Dr. Carrie Menold to Lead Diversity, Equity, Inclusion Advances in the Geosciences

The professor and chair of Albion’s Department of Earth & Environment is one of 12 inaugural AGU LANDInG Fellows, and the only one from a liberal arts college.

October 8, 2021

Dr. Carrie Menold, Albion College

Dr. Carrie Menold taught a class in the Ludington Center on October 2 during Family and Supporters Weekend at Albion College.

By Jake Weber

Earth & Environment professor Dr. Carrie Menold was recently announced as an inaugural LANDInG Fellow for the American Geophysical Union (AGU), the nation’s largest organization for educators, researchers, and business professionals in the geosciences.

The 12 fellows for AGU LANDInG (short for Leadership Academy and Network for Diversity and Inclusion in the Geosciences) were chosen from department chairs and senior administrators nationwide who are already working to improve diversity, equity, and inclusion within their institutions.

Menold notes that she didn’t consider applying for one of the two-year fellowships until colleagues at other institutions pointed out that she met the AGU’s criteria as a change-making leader.

“There’s a tendency to underestimate what you’ve done as there is always more to do, but writing the application crystallized the progress we have made over the past few years,” she commented. “This award feels like a way to keep moving forward.”

Dr. Carrie Menold, professor and chair of earth & environment, Albion College

Dr. Carrie Menold joined the Albion College faculty in 2006. She is a petrologist who specializes in metamorphic petrology, geochemistry, and regional tectonics. Current research areas include North Qaidam, Qinghai Province, China; Tso Morari, Western Himalaya, India; and the Calidonides, in northern Sweden. Menold received her Ph.D. from the University of California, Los Angeles and her B.S. from the University of Michigan.

Among her colleagues comprising this first LANDInG Fellows cohort, Menold is the only member from a liberal arts college (nine are from research universities, one from a two-year college, and one from the Monterey Bay Aquarium). AGU will provide a stipend and funding for travel and cohort training. Additionally, each fellow’s home institution has committed resources in support of this innovative work, with the expectation that each fellow’s contributions will, in turn, be shared with other institutions.

Menold recalls that her formal work in addressing diversity and equity in the geosciences began with a “wake up” moment in 2017, when Albion’s then Department of Geological Sciences (now Earth & Environment) prepared its external review. “We were significantly less diverse than the campus,” she says, “and nationally, earth and space science remains one of the least diverse fields in STEM.”

It might have been easy to dismiss or downplay that fact. Instead, the department immediately took steps to change it. Menold led the way in developing a department plan for diversity, which over the past five years has reworked all 100-level courses to make them more effective in preparing more students to enter the major. Part of Menold’s LANDInG work will focus on an examination of 200- and 300-level course content, again with a focus on retaining diverse students interested in the geosciences. The program is also interested in fellows “improving DEI across STEM.”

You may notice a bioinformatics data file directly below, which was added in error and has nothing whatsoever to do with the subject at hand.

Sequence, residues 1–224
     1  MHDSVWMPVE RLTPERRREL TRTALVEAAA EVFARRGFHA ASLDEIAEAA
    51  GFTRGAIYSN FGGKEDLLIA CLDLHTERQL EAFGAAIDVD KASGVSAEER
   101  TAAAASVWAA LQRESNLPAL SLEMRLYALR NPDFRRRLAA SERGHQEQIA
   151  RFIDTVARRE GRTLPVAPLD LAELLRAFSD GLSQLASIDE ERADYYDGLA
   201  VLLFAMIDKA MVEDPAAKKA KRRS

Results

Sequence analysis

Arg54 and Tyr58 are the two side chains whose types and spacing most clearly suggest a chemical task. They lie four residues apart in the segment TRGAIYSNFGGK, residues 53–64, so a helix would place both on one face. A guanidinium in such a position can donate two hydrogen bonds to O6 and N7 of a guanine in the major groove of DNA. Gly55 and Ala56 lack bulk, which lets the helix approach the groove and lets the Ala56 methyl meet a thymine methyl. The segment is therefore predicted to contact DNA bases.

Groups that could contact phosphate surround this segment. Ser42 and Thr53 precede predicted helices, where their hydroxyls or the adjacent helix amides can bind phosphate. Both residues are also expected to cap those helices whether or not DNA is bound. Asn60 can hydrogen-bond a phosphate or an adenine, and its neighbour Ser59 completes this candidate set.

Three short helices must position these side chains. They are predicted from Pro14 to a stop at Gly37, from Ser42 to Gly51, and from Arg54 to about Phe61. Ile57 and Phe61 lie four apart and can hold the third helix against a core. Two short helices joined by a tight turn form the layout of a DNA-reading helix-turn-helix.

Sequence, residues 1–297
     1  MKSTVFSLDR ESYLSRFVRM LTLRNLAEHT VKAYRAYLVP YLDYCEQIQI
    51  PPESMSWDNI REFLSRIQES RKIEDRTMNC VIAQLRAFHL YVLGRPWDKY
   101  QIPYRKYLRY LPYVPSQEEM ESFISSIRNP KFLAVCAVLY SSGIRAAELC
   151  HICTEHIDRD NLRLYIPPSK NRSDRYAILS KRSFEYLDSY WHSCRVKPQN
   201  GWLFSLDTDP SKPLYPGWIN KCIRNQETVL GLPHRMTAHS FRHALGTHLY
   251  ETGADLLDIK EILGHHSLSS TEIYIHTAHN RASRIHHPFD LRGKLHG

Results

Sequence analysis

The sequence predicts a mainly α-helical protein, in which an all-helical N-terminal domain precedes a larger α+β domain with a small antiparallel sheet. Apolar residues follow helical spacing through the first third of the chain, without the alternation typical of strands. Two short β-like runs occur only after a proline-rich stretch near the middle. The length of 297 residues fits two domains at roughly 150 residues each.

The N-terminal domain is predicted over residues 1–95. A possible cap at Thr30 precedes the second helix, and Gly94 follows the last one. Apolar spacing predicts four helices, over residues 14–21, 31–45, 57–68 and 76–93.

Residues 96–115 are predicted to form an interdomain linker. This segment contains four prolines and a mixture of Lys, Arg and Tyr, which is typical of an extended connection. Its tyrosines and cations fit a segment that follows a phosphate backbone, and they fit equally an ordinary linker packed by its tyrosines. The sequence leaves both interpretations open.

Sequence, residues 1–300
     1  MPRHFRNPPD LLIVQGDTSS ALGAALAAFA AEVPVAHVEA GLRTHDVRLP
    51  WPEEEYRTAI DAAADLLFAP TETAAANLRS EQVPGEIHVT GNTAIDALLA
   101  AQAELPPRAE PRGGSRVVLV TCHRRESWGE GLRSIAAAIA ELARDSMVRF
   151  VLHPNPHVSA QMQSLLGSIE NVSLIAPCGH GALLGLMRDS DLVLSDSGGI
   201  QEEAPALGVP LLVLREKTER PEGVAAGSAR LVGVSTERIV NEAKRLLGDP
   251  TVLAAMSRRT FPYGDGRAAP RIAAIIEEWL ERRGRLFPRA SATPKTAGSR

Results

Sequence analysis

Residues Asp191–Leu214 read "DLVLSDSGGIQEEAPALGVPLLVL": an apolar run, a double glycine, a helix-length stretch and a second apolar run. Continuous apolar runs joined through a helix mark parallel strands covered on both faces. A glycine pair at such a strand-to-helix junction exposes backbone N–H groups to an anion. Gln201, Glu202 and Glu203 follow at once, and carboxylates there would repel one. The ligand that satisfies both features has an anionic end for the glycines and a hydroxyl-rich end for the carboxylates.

“As the student population diversified over the past seven years, Carrie Menold put forth huge personal efforts to change the way she teaches and supports students,” says Dr. Thom Wilch, dean of faculty and Earth & Environment colleague. “She is a leader and is way ahead of the curve in terms of centering equity and inclusion in her work as a professor and department chair. Her DEI focus has had strong positive impacts on me personally and the way I teach, on our department, and, most important, on our students.”

Today, Earth & Environment’s student diversity matches that of the overall campus, which also means that Albion’s program is much more diverse than those at most other schools.

Menold explains that the more inclusive curriculum not only meets the needs of students—it also addresses the work that geoscience professions are increasingly doing.

“At Albion, we want any student to feel like studying earth science, environmental science, or environmental studies is an option; the door is open and they can walk through,” Menold says. “More broadly, these careers touch on things that really matter—water, energy, climate change—and if you only have a narrow cross-section of people in those fields, they can’t take into account all the issues that touch regions and people, or solve the problems of today and tomorrow.”

“Dr. Menold has played a leading role in Albion’s ongoing efforts to embrace not just diversity, equity, and inclusion, but true belonging,” wrote Albion College President Dr. Mathew Johnson in his letter of support to the AGU selection committee. Menold’s work, he continued, “will be particularly impactful because the department has recently expanded to include Albion’s environmental science and environmental studies programs, doubling the number of students engaged with this work.” He added that Menold’s fellowship resources will expand the work to all of Albion’s Science Division departments.

Menold concludes: “We’ve had some success in our DEI work. We feel like we’re making our majors more effective and the administration is open to supporting these efforts. I’m looking forward to learning a lot from my peers about how to continue to grow and improve the work while being part of a discipline-wide effort. I’m excited about that.”